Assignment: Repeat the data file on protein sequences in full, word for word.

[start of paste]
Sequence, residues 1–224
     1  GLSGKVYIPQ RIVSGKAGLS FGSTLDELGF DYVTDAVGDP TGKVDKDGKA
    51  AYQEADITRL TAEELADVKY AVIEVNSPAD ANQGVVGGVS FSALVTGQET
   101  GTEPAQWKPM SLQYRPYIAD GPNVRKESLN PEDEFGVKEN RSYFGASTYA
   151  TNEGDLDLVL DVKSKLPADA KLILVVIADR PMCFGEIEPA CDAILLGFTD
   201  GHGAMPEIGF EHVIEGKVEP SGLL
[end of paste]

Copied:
Sequence, residues 1–224
     1  GLSGKVYIPQ RIVSGKAGLS FGSTLDELGF DYVTDAVGDP TGKVDKDGKA
    51  AYQEADITRL TAEELADVKY AVIEVNSPAD ANQGVVGGVS FSALVTGQET
   101  GTEPAQWKPM SLQYRPYIAD GPNVRKESLN PEDEFGVKEN RSYFGASTYA
   151  TNEGDLDLVL DVKSKLPADA KLILVVIADR PMCFGEIEPA CDAILLGFTD
   201  GHGAMPEIGF EHVIEGKVEP SGLL